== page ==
By Maggie Szura
Raleigh, NC – The college sports world is bracing for impact, as several teams may be looking to switch conferences in the coming seasons. A FanNation report on possible departures from the Atlantic Coast Conference (ACC) reminds readers that Oklahoma and Texas are set to make their Southeastern Conference (SEC) debuts in 2024, while Oregon and Washington have been given the green light to join the Big Ten in the future.
It is no secret that the SEC and Big Ten are the powerhouses in college sports, specifically when looked at from a financial perspective. These two conferences have successfully adapted to the changing nature of college athletics by poaching marketable teams from competitors, leaving the other three “Power Five” conferences in the dust. At least seven ACC teams are aware of this power shift and have been conversing with each other in the hopes of sidestepping their “grant of rights” deals, which are in place until 2036. (A “grant of rights” agreement is a legal document that attempts to keep schools from pursuing conference membership elsewhere.) On the Martin Center’s own home turf, NC State and UNC-Chapel Hill are reportedly considering ditching their ACC alignment for a different Power Five conference, as FanNation reports.
These schools are looking to the future. Currently, the ACC has “one of the most network-favorable [media and television] deals on the planet,” according toThe Ringer’s Kevin Clark. On the other side of the ledger is the fact that the SEC and Big Ten may soon pay upwards of $100 million annually to their programs, a sum that far exceeds what ACC universities can hope to receive. Joining the SEC or Big Ten would boost income and revenue, a fact that is leaving many schools questioning their current position.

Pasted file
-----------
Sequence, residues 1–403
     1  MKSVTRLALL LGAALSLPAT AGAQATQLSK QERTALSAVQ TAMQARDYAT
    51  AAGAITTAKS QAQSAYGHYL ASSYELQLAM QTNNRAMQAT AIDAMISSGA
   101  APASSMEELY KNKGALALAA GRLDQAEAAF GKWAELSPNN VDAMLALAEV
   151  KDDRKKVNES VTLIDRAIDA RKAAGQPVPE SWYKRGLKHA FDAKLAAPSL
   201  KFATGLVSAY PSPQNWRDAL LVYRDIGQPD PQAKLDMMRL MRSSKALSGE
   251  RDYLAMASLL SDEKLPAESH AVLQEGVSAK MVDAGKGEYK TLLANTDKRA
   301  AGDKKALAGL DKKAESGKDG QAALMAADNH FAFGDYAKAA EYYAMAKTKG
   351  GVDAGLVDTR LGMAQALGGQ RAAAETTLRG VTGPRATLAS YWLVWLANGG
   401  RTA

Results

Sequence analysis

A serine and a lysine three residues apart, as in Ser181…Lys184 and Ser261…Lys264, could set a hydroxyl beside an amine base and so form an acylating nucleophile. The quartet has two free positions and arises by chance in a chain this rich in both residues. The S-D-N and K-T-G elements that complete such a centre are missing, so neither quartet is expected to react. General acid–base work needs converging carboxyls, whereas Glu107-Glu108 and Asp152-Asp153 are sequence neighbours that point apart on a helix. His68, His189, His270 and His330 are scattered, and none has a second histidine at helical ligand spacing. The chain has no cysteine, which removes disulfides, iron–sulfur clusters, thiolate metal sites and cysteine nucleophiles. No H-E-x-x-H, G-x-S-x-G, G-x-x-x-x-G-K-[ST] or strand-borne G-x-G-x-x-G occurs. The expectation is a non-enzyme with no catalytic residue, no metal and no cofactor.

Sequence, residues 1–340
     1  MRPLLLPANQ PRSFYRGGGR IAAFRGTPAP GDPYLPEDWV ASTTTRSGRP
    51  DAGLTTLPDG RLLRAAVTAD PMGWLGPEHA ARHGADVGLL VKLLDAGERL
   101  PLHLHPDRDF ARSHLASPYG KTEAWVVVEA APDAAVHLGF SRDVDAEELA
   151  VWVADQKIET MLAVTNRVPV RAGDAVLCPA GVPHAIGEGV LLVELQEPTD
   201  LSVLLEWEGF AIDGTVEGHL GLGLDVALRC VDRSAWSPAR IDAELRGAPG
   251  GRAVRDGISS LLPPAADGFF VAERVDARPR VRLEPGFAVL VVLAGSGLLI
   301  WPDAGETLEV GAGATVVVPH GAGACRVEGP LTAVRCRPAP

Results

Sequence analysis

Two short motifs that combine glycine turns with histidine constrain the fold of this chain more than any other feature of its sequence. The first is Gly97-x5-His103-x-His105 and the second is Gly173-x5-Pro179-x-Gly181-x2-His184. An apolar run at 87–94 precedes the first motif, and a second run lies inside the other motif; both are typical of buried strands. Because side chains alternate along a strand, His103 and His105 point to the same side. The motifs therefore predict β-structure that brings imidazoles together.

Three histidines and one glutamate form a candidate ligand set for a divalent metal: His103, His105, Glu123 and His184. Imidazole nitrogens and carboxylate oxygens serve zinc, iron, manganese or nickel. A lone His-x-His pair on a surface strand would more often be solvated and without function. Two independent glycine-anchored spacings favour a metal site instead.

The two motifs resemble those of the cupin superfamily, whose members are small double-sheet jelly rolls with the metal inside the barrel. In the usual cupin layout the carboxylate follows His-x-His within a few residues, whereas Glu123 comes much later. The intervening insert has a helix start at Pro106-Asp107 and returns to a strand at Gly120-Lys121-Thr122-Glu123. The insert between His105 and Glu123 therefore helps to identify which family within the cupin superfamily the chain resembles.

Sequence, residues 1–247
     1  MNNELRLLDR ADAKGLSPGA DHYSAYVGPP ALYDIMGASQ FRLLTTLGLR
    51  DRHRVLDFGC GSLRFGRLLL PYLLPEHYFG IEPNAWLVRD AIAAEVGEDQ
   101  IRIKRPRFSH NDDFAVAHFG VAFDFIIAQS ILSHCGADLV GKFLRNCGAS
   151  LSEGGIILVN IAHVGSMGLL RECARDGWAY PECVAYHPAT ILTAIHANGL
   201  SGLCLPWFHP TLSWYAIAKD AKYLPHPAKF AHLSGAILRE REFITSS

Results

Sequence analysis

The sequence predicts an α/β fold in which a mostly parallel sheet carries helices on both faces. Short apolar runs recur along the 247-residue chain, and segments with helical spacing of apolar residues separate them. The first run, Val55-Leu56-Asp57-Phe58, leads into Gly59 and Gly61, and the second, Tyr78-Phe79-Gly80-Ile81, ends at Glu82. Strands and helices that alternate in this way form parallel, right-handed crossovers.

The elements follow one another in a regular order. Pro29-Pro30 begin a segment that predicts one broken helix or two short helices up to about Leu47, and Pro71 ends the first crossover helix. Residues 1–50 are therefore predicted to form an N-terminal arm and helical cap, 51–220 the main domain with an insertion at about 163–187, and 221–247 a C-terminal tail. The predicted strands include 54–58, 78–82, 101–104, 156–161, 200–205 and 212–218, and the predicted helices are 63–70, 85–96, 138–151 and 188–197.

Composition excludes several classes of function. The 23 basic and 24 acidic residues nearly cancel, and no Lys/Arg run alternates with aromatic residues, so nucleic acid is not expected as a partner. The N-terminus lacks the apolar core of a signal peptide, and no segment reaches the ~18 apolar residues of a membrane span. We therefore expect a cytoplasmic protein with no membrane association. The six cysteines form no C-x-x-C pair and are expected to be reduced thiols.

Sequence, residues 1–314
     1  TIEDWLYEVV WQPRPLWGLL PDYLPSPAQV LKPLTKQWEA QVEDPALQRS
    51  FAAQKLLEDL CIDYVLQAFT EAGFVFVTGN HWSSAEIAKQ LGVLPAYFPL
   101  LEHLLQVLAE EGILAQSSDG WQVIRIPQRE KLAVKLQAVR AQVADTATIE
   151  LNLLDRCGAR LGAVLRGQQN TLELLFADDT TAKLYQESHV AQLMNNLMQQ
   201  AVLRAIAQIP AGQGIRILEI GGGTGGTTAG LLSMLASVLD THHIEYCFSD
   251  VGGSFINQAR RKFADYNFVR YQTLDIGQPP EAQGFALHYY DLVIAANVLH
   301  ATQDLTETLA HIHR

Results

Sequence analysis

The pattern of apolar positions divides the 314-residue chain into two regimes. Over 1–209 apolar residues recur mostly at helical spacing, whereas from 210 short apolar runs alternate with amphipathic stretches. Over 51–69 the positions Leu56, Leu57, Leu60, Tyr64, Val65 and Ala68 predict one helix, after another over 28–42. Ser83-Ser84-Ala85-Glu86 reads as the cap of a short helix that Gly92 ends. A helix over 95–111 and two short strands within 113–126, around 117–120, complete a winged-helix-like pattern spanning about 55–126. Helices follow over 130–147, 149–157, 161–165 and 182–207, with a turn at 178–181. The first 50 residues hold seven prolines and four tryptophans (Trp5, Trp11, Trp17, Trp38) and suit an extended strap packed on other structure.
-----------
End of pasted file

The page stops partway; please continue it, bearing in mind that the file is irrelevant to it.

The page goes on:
There are, of course, potential consequences when a school moves (or considers moving) conferences. Waiting to see if the deal goes through can induce stress for athletes, especially those outside of the big-money sports of football and men’s basketball. Furthermore, conference realignment is about money and little else. Such decisions tend not to be based on academic “fit” or ideas concerning sportsmanship. They are simply business deals, in which universities follow the money as best they can. Right now, the Big Ten and SEC are the jackpots of college sports.
Finally, a potential conference shift raises concerns about the longevity of the ACC as an organization. The Fayetteville Observer makes the point that schools in the ACC will likely find other conferences’ offers too promising to resist. A “mass exodus from the league” could be in the offing.
In short, the ACC must find a way to upgrade itself, or it will succumb to the powerhouse conferences. That may be good for schools’ bottom lines, but it isn’t necessarily good for academics and student athletes.
Maggie Szura is an intern at the James G. Martin Center for Academic Renewal and a junior studying psychology at Rollins College. Article was first published by The James G. Martin Center for Academic Renewal